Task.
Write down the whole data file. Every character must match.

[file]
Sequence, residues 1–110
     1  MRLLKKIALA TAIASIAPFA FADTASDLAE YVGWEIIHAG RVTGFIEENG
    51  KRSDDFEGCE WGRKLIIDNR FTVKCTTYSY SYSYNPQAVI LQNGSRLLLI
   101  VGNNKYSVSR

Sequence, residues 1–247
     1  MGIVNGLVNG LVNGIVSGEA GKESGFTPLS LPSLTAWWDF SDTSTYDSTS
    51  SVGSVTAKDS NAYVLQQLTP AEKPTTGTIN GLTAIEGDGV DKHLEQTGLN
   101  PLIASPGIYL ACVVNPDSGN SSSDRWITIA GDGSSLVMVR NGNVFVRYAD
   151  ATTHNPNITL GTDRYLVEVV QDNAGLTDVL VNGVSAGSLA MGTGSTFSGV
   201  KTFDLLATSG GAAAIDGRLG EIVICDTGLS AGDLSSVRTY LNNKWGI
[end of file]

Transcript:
Sequence, residues 1–110
     1  MRLLKKIALA TAIASIAPFA FADTASDLAE YVGWEIIHAG RVTGFIEENG
    51  KRSDDFEGCE WGRKLIIDNR FTVKCTTYSY SYSYNPQAVI LQNGSRLLLI
   101  VGNNKYSVSR

Sequence, residues 1–247
     1  MGIVNGLVNG LVNGIVSGEA GKESGFTPLS LPSLTAWWDF SDTSTYDSTS
    51  SVGSVTAKDS NAYVLQQLTP AEKPTTGTIN GLTAIEGDGV DKHLEQTGLN
   101  PLIASPGIYL ACVVNPDSGN SSSDRWITIA GDGSSLVMVR NGNVFVRYAD
   151  ATTHNPNITL GTDRYLVEVV QDNAGLTDVL VNGVSAGSLA MGTGSTFSGV
   201  KTFDLLATSG GAAAIDGRLG EIVICDTGLS AGDLSSVRTY LNNKWGI